My grade 12 English teacher was the second adult that made things uncomfortable for me.  Just my luck, we were reading “The Merchant of Venice” and he felt it necessary to discuss the character of Shylock’s Judaism for longer than necessary.  Some of what he said absolutely was important to the narrative of the play.   Throwing in his opinion that all Jews are rich, that you never see a Jewish cab driver or maintenance person wasn’t.  He directed comments about Jews being doctors mainly, looking right at me (my father was a doctor) when he said it was just a little slice of heaven.  There was more, but he’s not worth any extra time than this.  Again, most kids and teachers were great.  People from the East Coast (of Canada) are very friendly and welcoming.  Most of the time when they’d make comments or ask questions, it was curiosity, not malice.

When I moved to Toronto, I experienced far worse.  Here is a small smattering of things that I rarely have spoken to anyone about:

  • A woman walked up to me walking along the street with a friend, and said “Excuse me, do you think you are in Jew-town?”.  Me, “Pardon?”  thinking that she couldn’t have said that.  The woman retorted, “You heard me” and walked away.
  • A person, not realizing that I was Jewish, joked about my part time job as a cashier at a card store saying that I was playing “the Jewish” piano.
  • Sitting with a group of friends and acquaintances watching TV one day, a skit came on featuring Hasidic Jews.  It was funny, and if you can’t laugh at your own people, who can you laugh at?  One person took it one step too far and he said exactly these words, “I f%$king hate f$#king Jews with their f$#king big noses and f#$king big wallets.”  He went on to say more, but stopped after a minute more of his tirade when the room got very silent.  He turned to me and said, “Your not Jewish, are you?”.   The last words that I ever said to him were “As a matter of fact, I am”.
  • “You are such a nice person Jill, it’s really too bad that you are going to hell because you don’t accept Christ as your saviour.  Sin is sin in God’s eyes.”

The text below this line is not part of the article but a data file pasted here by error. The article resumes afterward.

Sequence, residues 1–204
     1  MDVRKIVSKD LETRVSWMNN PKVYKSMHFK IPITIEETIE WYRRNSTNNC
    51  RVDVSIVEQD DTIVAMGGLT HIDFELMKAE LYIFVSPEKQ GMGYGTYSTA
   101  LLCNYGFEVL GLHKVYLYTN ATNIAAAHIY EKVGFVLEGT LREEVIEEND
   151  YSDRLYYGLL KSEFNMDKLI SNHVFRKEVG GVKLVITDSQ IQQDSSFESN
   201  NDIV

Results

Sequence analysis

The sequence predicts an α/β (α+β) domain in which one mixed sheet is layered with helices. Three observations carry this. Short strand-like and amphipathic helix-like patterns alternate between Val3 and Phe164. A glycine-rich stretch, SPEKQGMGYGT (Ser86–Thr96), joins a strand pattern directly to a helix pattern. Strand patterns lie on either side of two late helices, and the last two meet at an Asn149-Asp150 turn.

• “Oh, when I said that Jews were obnoxious and horrible, I didn’t mean you Jill, you aren’t like that.  I meant other Jews.”  If I had a dime for every time someone said some form of this to me, I’d have a couple of hundred dollars at least.
  • I’m not religious, but out of guilt (it’s one of the stereotypes of my religion that’s actually true), I go to synagogue twice a year on the High Holidays.  Every time that I go, there is security that has to check my purse before I’m allowed on the premises.  Imagine going to church and needing to have it checked by bomb-sniffing dogs and needing police protection?  That’s our normal.

The list goes on and on, as it probably does for everyone who is a visible or invisible minority.  There have been times when I’ve seen what it’s like for someone else.  I was in Memphis with my friend when we were waiting for a car rental place to open up.  An African American woman came out of a bus with a whole bunch of children who also happened to be African American.  She was distraught, because the store was late opening and they had to be on the road and she wanted to return the keys for a car.  We offered to do it for her, and she looked like she was going to cry.  She explained that it was just such a nice thing to do after she had such a rough day.   Her group was on a high after taking the kids to the National Civil Rights Museum.  When she checked into her hotel, the front desk clerk told her to keep her little (insert the “N” word here) quiet.  It was traumatizing for her to go from the extreme of how far her people had come, to how much further there still was to go.